We have had the honor of hosting some really well known surfers! Our guests are an eclectic mix of different crews at different times. We have hosted Wingnut, Sunny Garcia, Chris Del Moro, and Daniel Jones. We have also hosted multiple World Longboard Champion Taylor Jensen and a host of other surfers for various magazines and video projects. We were really stoked to host a Taylor Steele production, which can be seen in the film Se7en Signs. But all of our clients are treated the same, regardless of how many stickers they have on their boards!

Most of our main clientele are more or less guys aged thirty and above who are looking for a variety of waves like beach breaks, river mouths, mellow reefs, points, good food, and who want to go somewhere different. The waves in Taiwan are what we call ‘every-man’ waves. Whatever board you ride at home, you’ll likely be able to surf here because you don’t need to order a special gun. If you are looking for double overhead barrels, breaking on shallow razor sharp reefs, ala the Ment’s, then Taiwan is not for you. Honestly, most of our clientele are either repeats or come to us from word of mouth.

SurfTaiwan Tours Video Clip

In what direction do you see the Taiwanese surf scene headed in?

Taiwanese surfers are slowly becoming more aware of surf history. With this new found awareness some Taiwanese surfers are also starting to travel overseas more as well. Little by little the surf scene in Taiwan is slowly growing domestically. There are some really passionate Taiwanese surfers. But as the Taiwanese don’t have much leisure time, surfing is never going to be mainstream in terms of a significant percentage of the population compared to OZ, Europe or the U.S for example.

One serious question. At present, Taiwan seems to be and has been in a long period of political limbo. On the one hand, Taiwan has been ruled since 1945 by the deeply entrenched Republic of China (ROC) regime which maintains that Taiwan and China are one. On the other hand, Taiwan has developed a sense of national identity where the idea of self-determination and self-rule has led many Taiwanese to advocate for the Independence of Taiwan. What are your thoughts on the political situation in Taiwan and where do you see Taiwan in the future?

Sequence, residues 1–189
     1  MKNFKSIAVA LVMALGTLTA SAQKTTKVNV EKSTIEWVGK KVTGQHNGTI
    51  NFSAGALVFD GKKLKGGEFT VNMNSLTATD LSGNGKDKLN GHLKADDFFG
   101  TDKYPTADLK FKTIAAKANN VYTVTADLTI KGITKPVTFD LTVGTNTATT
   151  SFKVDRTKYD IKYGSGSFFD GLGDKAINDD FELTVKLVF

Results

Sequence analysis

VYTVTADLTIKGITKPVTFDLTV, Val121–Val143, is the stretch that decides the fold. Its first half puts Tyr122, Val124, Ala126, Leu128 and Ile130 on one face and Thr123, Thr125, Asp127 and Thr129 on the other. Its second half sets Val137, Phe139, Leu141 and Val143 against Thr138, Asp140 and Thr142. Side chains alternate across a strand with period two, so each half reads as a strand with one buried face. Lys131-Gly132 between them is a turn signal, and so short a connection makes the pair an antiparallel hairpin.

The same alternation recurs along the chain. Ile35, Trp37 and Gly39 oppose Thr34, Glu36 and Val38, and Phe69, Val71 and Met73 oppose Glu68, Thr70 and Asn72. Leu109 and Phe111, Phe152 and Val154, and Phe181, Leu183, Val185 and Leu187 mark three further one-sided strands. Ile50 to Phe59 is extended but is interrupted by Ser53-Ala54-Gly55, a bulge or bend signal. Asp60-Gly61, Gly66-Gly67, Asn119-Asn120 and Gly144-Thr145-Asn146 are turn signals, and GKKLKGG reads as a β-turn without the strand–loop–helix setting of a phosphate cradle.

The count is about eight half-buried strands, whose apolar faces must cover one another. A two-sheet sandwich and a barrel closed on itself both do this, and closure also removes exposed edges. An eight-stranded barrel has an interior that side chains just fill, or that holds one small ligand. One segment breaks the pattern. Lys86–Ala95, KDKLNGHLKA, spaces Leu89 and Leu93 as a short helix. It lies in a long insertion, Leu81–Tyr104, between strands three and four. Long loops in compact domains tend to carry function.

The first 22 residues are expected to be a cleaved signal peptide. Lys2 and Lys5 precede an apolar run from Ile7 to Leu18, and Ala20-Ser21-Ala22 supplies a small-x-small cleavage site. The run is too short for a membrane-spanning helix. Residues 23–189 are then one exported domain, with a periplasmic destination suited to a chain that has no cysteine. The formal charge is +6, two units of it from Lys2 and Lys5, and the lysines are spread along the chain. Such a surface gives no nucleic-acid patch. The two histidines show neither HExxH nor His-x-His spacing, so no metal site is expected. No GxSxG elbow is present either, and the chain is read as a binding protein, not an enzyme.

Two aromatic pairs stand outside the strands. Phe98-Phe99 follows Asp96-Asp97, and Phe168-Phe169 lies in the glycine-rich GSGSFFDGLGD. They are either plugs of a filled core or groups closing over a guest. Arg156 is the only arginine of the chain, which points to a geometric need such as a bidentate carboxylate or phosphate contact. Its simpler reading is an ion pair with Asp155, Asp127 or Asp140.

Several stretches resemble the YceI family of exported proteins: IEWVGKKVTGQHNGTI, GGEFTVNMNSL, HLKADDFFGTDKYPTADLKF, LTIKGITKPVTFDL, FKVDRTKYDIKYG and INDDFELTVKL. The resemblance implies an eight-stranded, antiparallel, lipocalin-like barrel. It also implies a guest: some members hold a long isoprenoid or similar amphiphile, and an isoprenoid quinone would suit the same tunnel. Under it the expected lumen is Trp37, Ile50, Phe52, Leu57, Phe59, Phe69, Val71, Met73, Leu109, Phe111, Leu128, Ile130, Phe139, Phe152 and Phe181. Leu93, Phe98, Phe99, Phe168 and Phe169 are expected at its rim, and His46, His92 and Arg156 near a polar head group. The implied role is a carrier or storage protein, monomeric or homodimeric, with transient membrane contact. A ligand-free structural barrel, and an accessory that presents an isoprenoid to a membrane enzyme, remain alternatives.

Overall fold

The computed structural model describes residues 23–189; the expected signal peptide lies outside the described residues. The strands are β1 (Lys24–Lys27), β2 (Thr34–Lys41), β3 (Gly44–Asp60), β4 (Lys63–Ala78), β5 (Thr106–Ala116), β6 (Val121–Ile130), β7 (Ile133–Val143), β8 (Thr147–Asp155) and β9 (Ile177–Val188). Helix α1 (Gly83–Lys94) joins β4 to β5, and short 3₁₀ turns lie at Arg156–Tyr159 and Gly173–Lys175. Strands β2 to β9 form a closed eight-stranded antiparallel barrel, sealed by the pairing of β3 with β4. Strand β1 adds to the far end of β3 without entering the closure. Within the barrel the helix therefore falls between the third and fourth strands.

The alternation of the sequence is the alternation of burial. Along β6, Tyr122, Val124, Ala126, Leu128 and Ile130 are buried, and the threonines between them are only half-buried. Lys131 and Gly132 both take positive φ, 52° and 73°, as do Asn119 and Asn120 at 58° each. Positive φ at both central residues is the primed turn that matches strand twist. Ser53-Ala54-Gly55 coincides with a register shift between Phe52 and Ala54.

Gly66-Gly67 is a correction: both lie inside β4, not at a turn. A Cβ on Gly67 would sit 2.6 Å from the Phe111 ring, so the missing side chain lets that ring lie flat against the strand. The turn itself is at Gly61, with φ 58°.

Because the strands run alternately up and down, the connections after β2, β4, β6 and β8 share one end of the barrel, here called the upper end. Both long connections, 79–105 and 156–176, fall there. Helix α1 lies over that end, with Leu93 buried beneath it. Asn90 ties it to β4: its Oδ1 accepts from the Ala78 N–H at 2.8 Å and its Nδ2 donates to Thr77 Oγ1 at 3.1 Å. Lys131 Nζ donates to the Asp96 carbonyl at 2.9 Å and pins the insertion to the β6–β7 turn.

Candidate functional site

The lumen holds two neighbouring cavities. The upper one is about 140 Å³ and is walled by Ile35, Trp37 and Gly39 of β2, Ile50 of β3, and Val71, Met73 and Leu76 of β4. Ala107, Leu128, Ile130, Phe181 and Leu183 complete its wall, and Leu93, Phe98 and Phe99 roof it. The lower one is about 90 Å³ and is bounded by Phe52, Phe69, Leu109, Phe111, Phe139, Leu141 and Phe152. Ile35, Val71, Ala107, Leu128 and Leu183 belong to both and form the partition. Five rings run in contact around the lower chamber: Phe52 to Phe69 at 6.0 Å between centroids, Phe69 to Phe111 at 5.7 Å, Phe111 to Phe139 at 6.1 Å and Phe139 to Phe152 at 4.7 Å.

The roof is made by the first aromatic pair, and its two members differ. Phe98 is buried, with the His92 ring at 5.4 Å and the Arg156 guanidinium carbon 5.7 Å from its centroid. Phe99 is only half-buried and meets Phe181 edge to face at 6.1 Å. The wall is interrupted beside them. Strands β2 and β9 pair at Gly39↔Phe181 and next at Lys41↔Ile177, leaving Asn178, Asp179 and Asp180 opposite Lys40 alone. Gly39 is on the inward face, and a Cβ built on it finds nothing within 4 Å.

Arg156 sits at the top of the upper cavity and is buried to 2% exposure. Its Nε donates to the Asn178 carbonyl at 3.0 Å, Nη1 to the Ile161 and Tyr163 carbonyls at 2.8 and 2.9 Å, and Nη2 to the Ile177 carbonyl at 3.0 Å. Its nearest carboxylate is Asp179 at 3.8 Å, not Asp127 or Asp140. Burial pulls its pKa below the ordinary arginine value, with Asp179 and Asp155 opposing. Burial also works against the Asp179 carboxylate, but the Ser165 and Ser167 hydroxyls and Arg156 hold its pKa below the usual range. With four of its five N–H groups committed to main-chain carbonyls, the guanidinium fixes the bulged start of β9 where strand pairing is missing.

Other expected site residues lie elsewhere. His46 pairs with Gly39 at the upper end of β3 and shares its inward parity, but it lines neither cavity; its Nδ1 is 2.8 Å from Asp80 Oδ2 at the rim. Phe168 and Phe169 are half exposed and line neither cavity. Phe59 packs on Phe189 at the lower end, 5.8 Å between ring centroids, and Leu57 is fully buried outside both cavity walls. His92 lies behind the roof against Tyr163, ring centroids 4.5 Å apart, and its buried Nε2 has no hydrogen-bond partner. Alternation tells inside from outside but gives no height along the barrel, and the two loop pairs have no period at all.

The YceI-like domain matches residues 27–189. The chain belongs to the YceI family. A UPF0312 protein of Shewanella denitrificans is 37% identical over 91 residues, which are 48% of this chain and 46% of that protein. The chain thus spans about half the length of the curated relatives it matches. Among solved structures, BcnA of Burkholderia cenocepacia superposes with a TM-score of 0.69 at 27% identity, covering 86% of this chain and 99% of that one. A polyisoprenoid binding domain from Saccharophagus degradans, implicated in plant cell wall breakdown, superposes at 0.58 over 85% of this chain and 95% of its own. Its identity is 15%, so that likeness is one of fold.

Good question. I’ve spoken to many Taiwanese about this and the short story is that the general consensus leans towards independence. But for a lot folks, it doesn’t seem to be a big deal, which surprised me. Taiwan is a full on democracy and has freedom of speech, which is vastly different from China. In Taiwan there are two main political parties and several independent parties. Actually, the mayor of Taipei is an independent! In Taiwan no internet is censored or sites banned. Taiwan also has it’s own currency, stock market, one of the best medical systems in the world, and is for all intents and purposes, independent. Taiwan has plenty of trade with the rest of the world, including China. Taiwan’s main exports are high grade computer chips. Almost all the cheap ‘Made In Taiwan’ goods moved to China to be manufactured about 20–30 years ago. So no, I don’t think China will rock the boat in Taiwan because it would upset trade in a major way. China just likes to talk tough to keep ‘face’ or retain their honor in other words.

© Moonwalker Photos

If you could send a message to the surfing community at large what would you tell them?

Simple. Don’t be afraid to surf somewhere new! The world is an awesome place! Don’t grumble, get out there!

“Don’t be afraid to surf somewhere new! The world is an awesome place! Don’t grumble, get out there!”

Any parting words or shout outs?

A huge thanks to my legendary business partner who puts up with me, ensures everything runs smoothly and does a phenomenal job! The Taiwanese crew we employ, thanks for being friendly, honest and full of energy. And to all the other crew we work with and families we interact with and see all the time, from accommodation providers, restaurant owners and the food stall owners, you make Taiwan what it is — so friendly and full of life. Thank you!

Where can people find you on social media?

People can find me Instagram at SurfTaiwan. I also have a Facebook SurfTaiwan page too. And you can check out my website at Also you can check the Taiwan Surf Report here as well.

This interview was edited and created within Medium by myself — Peter Mc. I am a graphic designer, photographer, and journalist who is obsessed with surfing. I have two home bases, one in Miami, FL and another in Kobe, Japan. I am always on the lookout for interesting people who want to share their stories. I can be reached at If you enjoyed this story please like it and hit the follow button for more great stories in the future!